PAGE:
Page 8 - Foreign Service Journal - May 2013

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8
MAY 2013
|
THE FOREIGN SERVICE JOURNAL
LETTERS
Save the Legation
Te mail gets to us only slowly here in
Morocco, so I am only now able to com-
ment on the excellent December 2012
article by Jane Loefer, “Beyond the For-
tress Embassy.” As the director for nearly
three years now of the Tangier American
Legation Institute for Moroc-
can Studies, I have come to
appreciate what Ambassador
Barbara Bodine, quoted in the
article, calls “embassies inte-
grated with their surroundings
and culture.”
You can’t get more integrated
than the American legation,
which is not only nestled in
the Medina (“Old City”), but
bestrides “America Street” and is built
over it. Tat was the American way of
diplomacy in Morocco from the 1790s to
the early 1960s. Te legation is the only
U.S. National Historic Landmark located
abroad, by virtue of its status as the frst
American diplomatic property, a gift of
the sultan of Morocco in 1821.
Te October 1932 issue of
Te Foreign
Service Journal
carried a story about the
legation’s brand-new “Moorish Pavilion”
annex, which author Honor Bigelow
described as “one of the most notewor-
thy” American diplomatic buildings
of the era. Photos of it grace publica-
tions the Bureau of Overseas Buildings
Operations has issued highlighting the
Secretary of State’s Register of Cultur-
ally Signifcant Properties and the new
public-private partnership, the Fund to
Conserve United States Diplomatic Trea-
sures Abroad.
It is still a very photogenic building—
until you look closely. More than 80 years
after Congress appropriated $22,000 to
build the pavilion, this diplomatic trea-
sure is at risk. Major structural fssures,
water damage from leaking roofs, rotting
wood, etc., threaten what is a repository
of the best that artisans from across the
Maghreb could produce—mashrabi-
yya screens on the windows, intricately
painted wooden ceilings, zellij foor tiles.
As a living embodiment of citizen
public diplomacy, the legation is also a
symbol of America’s longstand-
ing engagement with the Arab,
African and Muslim worlds.
Sultan Sidi Abderrahman
recognized “the Americans”
as Moroccan partners in
December 1777, while George
Washington was still hunker-
ing down in Valley Forge.
OBO, the Fund to Con-
serve U.S. Diplomatic Treasures Abroad
and historic preservationists would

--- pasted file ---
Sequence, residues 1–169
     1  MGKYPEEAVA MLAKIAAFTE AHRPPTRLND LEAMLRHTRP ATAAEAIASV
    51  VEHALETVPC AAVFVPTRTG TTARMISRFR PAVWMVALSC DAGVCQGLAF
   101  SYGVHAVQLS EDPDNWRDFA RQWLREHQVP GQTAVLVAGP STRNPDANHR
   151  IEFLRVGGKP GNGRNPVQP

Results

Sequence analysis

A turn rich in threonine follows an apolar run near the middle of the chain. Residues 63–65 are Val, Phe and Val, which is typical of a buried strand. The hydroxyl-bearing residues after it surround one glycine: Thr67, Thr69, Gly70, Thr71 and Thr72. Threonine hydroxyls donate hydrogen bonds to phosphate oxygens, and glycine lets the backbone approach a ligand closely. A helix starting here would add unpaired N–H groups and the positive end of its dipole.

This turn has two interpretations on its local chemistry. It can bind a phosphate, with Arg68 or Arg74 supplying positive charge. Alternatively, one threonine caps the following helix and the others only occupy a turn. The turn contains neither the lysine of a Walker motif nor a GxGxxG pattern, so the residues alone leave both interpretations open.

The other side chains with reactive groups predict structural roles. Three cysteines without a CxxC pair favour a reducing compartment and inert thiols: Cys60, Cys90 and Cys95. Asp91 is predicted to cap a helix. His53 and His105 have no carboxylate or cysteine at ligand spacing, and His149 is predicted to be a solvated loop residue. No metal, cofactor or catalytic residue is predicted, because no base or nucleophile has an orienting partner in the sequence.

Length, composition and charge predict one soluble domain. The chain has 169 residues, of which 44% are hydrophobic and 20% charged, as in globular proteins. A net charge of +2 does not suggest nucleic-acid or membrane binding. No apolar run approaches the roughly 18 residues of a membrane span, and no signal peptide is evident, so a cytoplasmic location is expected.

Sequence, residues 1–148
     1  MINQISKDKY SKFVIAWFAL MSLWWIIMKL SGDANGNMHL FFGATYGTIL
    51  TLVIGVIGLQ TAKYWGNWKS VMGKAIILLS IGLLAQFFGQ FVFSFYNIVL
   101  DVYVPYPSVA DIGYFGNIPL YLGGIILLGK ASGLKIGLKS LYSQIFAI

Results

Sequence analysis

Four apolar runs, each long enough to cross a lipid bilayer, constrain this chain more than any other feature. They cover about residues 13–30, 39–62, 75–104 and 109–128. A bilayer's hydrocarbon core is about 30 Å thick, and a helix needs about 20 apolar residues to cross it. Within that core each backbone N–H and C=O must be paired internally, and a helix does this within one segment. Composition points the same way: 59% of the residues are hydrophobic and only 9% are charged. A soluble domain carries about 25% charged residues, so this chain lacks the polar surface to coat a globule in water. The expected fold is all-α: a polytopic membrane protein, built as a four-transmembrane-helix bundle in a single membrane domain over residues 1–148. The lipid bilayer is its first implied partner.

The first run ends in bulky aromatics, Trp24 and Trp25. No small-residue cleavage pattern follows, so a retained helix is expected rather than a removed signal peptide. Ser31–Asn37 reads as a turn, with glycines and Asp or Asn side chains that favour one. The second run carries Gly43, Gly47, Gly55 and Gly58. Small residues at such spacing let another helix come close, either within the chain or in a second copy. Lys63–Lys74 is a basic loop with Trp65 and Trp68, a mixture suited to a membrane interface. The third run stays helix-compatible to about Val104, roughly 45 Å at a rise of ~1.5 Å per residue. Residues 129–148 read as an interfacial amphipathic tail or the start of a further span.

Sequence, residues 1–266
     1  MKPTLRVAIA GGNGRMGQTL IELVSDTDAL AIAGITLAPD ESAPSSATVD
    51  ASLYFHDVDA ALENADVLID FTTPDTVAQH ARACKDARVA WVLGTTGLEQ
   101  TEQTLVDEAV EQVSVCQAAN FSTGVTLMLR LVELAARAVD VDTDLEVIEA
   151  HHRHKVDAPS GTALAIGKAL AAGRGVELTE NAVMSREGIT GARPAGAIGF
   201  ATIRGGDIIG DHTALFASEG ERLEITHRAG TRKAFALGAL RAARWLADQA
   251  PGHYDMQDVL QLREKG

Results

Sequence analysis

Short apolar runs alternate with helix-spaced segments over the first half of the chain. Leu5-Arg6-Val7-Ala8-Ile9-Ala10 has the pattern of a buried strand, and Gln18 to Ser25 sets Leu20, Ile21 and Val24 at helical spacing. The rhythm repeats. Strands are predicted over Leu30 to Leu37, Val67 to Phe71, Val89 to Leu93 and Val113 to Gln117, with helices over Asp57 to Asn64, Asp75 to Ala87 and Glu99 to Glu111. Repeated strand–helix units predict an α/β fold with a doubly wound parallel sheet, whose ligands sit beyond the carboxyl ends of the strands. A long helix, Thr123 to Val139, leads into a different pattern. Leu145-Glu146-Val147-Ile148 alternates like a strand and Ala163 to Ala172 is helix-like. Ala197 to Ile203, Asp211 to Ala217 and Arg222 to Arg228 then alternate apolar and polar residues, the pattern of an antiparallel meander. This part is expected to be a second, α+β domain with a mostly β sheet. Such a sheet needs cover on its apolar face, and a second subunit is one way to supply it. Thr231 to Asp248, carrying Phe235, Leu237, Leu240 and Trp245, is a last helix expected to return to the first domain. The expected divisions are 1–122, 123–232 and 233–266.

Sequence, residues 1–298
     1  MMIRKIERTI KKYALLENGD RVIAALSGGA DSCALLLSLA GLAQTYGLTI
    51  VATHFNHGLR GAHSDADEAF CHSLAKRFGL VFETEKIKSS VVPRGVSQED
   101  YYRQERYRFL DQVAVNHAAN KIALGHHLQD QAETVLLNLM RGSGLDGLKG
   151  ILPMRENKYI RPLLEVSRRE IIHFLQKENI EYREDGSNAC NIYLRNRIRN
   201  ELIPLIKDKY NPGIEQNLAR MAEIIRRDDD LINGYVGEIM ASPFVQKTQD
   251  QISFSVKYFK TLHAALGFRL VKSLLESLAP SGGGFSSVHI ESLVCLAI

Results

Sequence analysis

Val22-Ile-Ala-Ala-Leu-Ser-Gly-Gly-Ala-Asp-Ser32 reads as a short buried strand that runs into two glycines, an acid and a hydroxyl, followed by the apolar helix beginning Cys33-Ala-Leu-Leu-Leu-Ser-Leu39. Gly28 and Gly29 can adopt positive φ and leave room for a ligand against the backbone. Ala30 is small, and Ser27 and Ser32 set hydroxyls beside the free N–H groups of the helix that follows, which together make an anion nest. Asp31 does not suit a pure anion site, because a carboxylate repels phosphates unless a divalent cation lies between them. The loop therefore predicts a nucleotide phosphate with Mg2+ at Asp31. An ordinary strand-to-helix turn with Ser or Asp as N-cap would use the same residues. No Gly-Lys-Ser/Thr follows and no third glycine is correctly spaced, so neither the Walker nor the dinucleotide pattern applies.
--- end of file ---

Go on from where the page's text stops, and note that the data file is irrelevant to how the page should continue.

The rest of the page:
do well to band together to “Save the
Legation Pavilion.” What could be more
important than to save this example of
America’s diplomatic heritage—from a
time when “fortress embassy” meant a
solid oak door and a deadbolt lock—in
such a crucial region of the world? Sultan
Moulay Suleiman, our benefactor in
1821, would expect nothing less of the
United States.
Gerald Loftus
FSO, retired
Tangier, Morocco
Balancing Access
and Security
In his February Speaking Out column,
“Te Value of Fortress Embassies,” Nick
Pietrowicz contends that even heavily
fortifed facilities do not prevent diplo-
mats from performing the traditional
practices of their trade. Rather, it is post
security policies that dictate when and
how personnel may make sorties beyond
fortress walls.
Tat assessment is basically accurate.
Still, there can be adverse consequences
when the location for an embassy or con-
sulate is selected primarily on the basis of
security standards.
To fnd enough open land to pro-
vide the required 100-foot setbacks, the
bureaus of Overseas Buildings Opera-
tions and Diplomatic Security have had
to move many embassies and consul-
ates farther and farther from convenient
locations in or near the cities they serve.
Decades ago, for instance, I narrowly
foiled a plan to move Consulate General
Montreal miles west to a location on
the Trans-Canada Highway, which was
served by no public transport of any sort.
Not only would this have made it very
difcult for the public to come to our
ofce, but it would also hurt our eforts
to recruit and retain good local staf.
It would also increase travel time for
ofcers to call on contacts, with a con-
sequent increase in exposure to the very
security risks that the fortress was built to
protect them from.
Fortunately, that particular relocation
never happened. But my initial objec-
tions to this and other impossible sites
were always rebufed with a single word:
irrelevant.
Decades ago we went through
another security “enhancement” that
was a prime example of the DS tail wag-
ging the embassy dog. I lost that battle,
which left consular ofcers separated
from their customers by bulletproof glass.
Tat barrier obscures vision and sound,
destroying the eyeball-to-eyeball scrutiny
needed to make the best decisions.
Such a safeguard hardly seemed nec-
essary since all visitors to the ofce have
always been screened for weapons at the
door. Moreover, a wide interview counter
and a closable window already protected
the consular ofcer from a casual fst or a
lunge across the counter.
Visa ofcers around the world face